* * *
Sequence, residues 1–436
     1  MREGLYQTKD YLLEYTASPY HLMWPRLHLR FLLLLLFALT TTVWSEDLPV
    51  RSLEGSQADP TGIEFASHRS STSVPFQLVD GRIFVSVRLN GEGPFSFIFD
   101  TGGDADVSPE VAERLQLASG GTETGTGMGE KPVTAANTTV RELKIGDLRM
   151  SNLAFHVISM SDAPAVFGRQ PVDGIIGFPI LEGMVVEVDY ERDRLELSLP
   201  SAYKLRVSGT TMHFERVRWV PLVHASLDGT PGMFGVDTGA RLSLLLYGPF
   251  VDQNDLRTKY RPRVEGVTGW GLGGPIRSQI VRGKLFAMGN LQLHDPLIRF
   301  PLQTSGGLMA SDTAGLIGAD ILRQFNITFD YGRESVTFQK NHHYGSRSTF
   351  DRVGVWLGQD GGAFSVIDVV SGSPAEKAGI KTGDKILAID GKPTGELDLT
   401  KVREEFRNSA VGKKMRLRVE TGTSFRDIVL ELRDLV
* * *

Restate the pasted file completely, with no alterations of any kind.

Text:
Sequence, residues 1–436
     1  MREGLYQTKD YLLEYTASPY HLMWPRLHLR FLLLLLFALT TTVWSEDLPV
    51  RSLEGSQADP TGIEFASHRS STSVPFQLVD GRIFVSVRLN GEGPFSFIFD
   101  TGGDADVSPE VAERLQLASG GTETGTGMGE KPVTAANTTV RELKIGDLRM
   151  SNLAFHVISM SDAPAVFGRQ PVDGIIGFPI LEGMVVEVDY ERDRLELSLP
   201  SAYKLRVSGT TMHFERVRWV PLVHASLDGT PGMFGVDTGA RLSLLLYGPF
   251  VDQNDLRTKY RPRVEGVTGW GLGGPIRSQI VRGKLFAMGN LQLHDPLIRF
   301  PLQTSGGLMA SDTAGLIGAD ILRQFNITFD YGRESVTFQK NHHYGSRSTF
   351  DRVGVWLGQD GGAFSVIDVV SGSPAEKAGI KTGDKILAID GKPTGELDLT
   401  KVREEFRNSA VGKKMRLRVE TGTSFRDIVL ELRDLV